Precedence: bulk
Subject: Chalkhills Digest #384

              Chalkhills Digest, Number 384

                 Monday, 10 October 1994

Today's Topics:
               Ultradisc of ES, not Skylrk
              Re: Racism and also Re: Crimso
          RE: No Thugs In Our House / Faves etc.
                Re: No Thugs in Our House
                    Why Down on Bl**?
                Re: Mobile Fidelity Disks
                Re: Chalkhills Digest #383
        Sam Phillips/Colin Moulding collaboration
                 Let me introduce myself
                       Re: Alice CD
                    The Pretty Things!
                Reply and Clarify "Thugs"
                        Disco info
                 leave Watchtower alone!
                     Pronouncing XTC
               Newell TGLE Limited Edition
                    'XTC-style quirks'


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So we're working every hour that God made


Date: Mon, 3 Oct 1994 20:21:00 -0400
From: "Paul Myers" <>
Subject: (none)

I'd like to know a little more about this Stephen Duffy / Velvet Crush
thing.  It would appear that Mr Duffy, who I'm sure is one smart pop
guy has recognized that the Yanks do BritPop with the extra edge,
witness Matthew Sweet's fabulous Girlfriend record.  Of course that M
Sweet, Mitch Easter axis is oh so hip, but what the hey.  You only
live once and this power pop thing is the real deal (not to be
confused with the only mildly interesting Grunge it dead
yet?)  PS Nirvana, I believe, were always more in the Big Star,
Replacements mold (Mould?) than all those Black Sabbath sucking
Seattlites.  If only Kurt could have kept it together we may have
heard one hell of a poprock sound.IMHO.  Love to all and sorry for
straying from Swindon....better luck next time.


Date: Mon, 3 Oct 1994 22:50:11 -0400 (EDT)
From: Brandon K Snavely <>
Subject: Ultradisc of ES, not Skylrk

   If Mobile Fidelity wants to re-master an XTC album and press it onto a
gold Ultradisc, then I say they should do English Settlement rather than
Skylarking.  ES is in GREAT need of remastering; the Geffen USA release
is full of hiss and the recording level is low.  You can especially hear
this on Waxworks, as the recording quality decreases and the hiss
increases from "Sgt. Rock" to "Senses WO".  The Geffen USA pressing of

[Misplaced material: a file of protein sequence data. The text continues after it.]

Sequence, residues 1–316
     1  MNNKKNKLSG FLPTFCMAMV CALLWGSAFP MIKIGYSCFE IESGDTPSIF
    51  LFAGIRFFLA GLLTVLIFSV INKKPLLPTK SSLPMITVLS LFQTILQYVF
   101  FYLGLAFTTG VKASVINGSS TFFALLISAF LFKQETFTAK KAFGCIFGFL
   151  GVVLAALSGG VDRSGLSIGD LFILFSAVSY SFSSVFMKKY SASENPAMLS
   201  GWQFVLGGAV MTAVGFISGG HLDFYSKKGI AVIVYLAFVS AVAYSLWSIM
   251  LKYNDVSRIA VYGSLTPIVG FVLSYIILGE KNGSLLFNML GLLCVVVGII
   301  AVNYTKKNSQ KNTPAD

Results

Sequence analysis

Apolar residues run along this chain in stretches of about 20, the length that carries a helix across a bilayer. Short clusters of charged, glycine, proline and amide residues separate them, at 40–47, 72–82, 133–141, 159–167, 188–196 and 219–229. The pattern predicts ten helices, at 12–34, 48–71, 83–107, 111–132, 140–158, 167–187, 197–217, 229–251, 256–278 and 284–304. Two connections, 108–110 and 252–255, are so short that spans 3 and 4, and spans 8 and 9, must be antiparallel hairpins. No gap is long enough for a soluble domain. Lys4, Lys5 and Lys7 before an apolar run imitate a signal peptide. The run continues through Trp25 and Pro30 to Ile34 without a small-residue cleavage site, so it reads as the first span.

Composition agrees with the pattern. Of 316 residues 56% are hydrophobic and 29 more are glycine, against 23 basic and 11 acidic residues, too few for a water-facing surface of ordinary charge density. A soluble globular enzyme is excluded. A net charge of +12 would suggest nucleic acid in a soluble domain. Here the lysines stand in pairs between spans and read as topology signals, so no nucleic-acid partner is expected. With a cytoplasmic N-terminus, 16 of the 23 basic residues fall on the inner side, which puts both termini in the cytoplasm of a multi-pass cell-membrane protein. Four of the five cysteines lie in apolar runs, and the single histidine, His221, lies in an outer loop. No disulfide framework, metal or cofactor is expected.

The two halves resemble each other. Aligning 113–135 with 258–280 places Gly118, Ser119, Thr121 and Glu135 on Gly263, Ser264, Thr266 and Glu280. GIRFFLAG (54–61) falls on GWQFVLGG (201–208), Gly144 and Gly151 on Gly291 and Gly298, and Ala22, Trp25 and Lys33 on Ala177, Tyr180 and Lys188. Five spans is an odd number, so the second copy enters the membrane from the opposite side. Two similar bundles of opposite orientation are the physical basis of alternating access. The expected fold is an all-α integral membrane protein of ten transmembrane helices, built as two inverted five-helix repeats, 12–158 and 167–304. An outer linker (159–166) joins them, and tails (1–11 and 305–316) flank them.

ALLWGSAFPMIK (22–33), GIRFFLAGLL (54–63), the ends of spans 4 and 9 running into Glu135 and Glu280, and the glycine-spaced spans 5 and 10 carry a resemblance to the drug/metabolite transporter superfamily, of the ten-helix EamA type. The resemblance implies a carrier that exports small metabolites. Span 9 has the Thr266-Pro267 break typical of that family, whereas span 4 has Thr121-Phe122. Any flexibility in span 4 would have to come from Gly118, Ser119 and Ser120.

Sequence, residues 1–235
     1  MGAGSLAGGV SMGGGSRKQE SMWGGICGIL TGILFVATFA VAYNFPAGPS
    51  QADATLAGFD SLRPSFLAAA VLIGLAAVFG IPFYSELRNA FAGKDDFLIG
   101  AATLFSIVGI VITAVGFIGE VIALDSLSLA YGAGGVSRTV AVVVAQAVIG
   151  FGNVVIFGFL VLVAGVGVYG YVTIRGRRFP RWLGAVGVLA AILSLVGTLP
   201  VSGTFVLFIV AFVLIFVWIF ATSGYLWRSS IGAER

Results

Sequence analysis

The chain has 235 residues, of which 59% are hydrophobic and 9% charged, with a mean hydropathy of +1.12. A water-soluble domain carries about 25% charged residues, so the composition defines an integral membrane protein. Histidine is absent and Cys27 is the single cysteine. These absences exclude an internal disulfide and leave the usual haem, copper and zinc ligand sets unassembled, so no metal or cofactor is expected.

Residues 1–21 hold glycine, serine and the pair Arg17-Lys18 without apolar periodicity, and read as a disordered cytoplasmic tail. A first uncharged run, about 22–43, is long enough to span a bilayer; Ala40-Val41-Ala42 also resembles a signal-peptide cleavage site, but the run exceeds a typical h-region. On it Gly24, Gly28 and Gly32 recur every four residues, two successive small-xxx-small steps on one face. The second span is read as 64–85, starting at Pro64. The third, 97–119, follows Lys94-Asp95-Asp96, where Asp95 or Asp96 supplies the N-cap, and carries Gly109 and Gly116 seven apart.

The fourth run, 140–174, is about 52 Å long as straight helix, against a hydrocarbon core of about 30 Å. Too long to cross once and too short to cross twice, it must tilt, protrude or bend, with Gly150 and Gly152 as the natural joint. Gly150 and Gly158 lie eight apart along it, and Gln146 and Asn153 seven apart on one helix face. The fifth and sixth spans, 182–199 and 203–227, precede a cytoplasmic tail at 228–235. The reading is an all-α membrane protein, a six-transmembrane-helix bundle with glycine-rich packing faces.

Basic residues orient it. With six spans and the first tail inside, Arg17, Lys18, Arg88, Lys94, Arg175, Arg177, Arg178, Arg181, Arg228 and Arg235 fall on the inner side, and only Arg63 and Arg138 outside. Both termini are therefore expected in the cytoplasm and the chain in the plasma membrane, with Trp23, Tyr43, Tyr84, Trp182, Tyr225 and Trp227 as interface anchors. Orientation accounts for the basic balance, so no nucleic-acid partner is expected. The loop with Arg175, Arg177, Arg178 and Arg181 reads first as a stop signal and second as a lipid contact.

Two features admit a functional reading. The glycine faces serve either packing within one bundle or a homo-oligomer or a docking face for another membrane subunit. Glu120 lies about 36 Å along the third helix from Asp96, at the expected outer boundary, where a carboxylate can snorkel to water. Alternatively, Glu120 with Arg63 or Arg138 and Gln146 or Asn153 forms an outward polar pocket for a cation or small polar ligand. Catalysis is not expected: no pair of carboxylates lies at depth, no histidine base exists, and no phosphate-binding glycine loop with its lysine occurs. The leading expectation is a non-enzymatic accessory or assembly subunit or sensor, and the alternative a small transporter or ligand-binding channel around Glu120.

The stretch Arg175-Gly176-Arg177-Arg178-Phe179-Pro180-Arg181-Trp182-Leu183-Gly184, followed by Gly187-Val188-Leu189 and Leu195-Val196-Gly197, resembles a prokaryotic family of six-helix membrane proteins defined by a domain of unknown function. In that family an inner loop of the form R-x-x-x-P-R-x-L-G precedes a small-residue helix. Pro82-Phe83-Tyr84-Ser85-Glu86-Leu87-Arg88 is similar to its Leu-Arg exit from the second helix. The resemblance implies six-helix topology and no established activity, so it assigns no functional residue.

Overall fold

Skylarking is mastered fine, as far as I can tell.  English Settlement is
the album that really needs remastering.

Pittsburgh, Pa.


Date: Tue, 4 Oct 1994 16:15:35 +1300
From: (James Dignan)
Subject: Re: Racism and also Re: Crimso

 From John Relph, Jim McGowan
>>Eh? I always interpreted that song as a lament for the westernization of
>>Chinese culture: "I hear you asking for Western thinking, I say it's poison
>>that you'll be drinking."
>Exactly.  Much akin to Ursula LeGuin's science fiction novel, the
>title of which escapes my mind, perhaps it's _The Disposessed_, which
>was actually written about the introduction of Coca-Cola to China.

Hmm. Must have another listen. Seems like I misinterpreted something
somewhere :-I

Oh, and to Curtiss Hammock:

I am on a King Crimson Bulletin Board (Elephant Talk). They are one of the
many groups I really like, although I have to be in the right frame of mind
for them. Same with Yes and Tangerine Dream. You are not alone!


James Dignan, Department of Psychology, University of Otago.

Ya jivu v' 50 Norfolk St., St. Clair, Dunedin, New Zealand
steam megaphone NZ 03-455-7807

   * You talk to me as if from a distance
   * and I reply with impressions chosen from another time, time, time,
   * from another time                     (Brian Eno)


From: Paul Vincent <>
Subject: RE: No Thugs In Our House / Faves etc.
Date: Tue, 04 Oct 94 08:50:00 BST

On the subject of "No Thugs In Our House", mark derby wrote:
>        How I interpret this song:  a black comedy about an extremely
>dysfunctional, working-class British family.  Most of the lyrics are from
>the point-of-view of the parents:  blissfully ignorant of the fact that one
>of their sons is a neo-Nazi.  (Though Andy inserts his commentary here and
>there:  "Her little tune is such a happy song...")
>        I don't think it reflected any kind of negative attitude toward
>XTC's audience (am I misreading your point?).  It could be taken as a swipe
>at the lower classes...but I don't think it's intended as such a general
>statement.  It's only a story.  (Anyhow, Sir Patridge's background wasn't
>exactly upper-class.)

Well, I reckon you've got the wrong end of the stick there, Mark, at least
as far as "class" goes. Listen again to the last verse, where we learn that
little Graham will get off lightly when/if his assault case comes to

"Cos Dad's a judge who knows exactly what the job of judging's all about."

...and, let's face it, being a Courtroom Judge is not *exactly* a typical
working-class occupation, is it? No, I think the song has more similarities
with David Lynch's "Blue Velvet" film, in that it nicely sends up the
middle-class preoccupations of keeping up surface appearances, and
pretending that everything's *nice* while the ugliness and violence of
the outside world creeps ever closer to their cosy front door. Or in this
case, has already infiltrated their snug domain in the shape of little
Graham, their wayward National Front-supporting son. I agree that it's
ultimately a very chilling song, despite the gallows humour of its approach.

Whilst I'm here, I'll toss my cloth cap into the arena for the Great faves /

lemons debate...

ALL-TIME FAVE: No Thugs In Our House at this very moment - probably
because I've just been talking about it, so it's sunk its hooks into my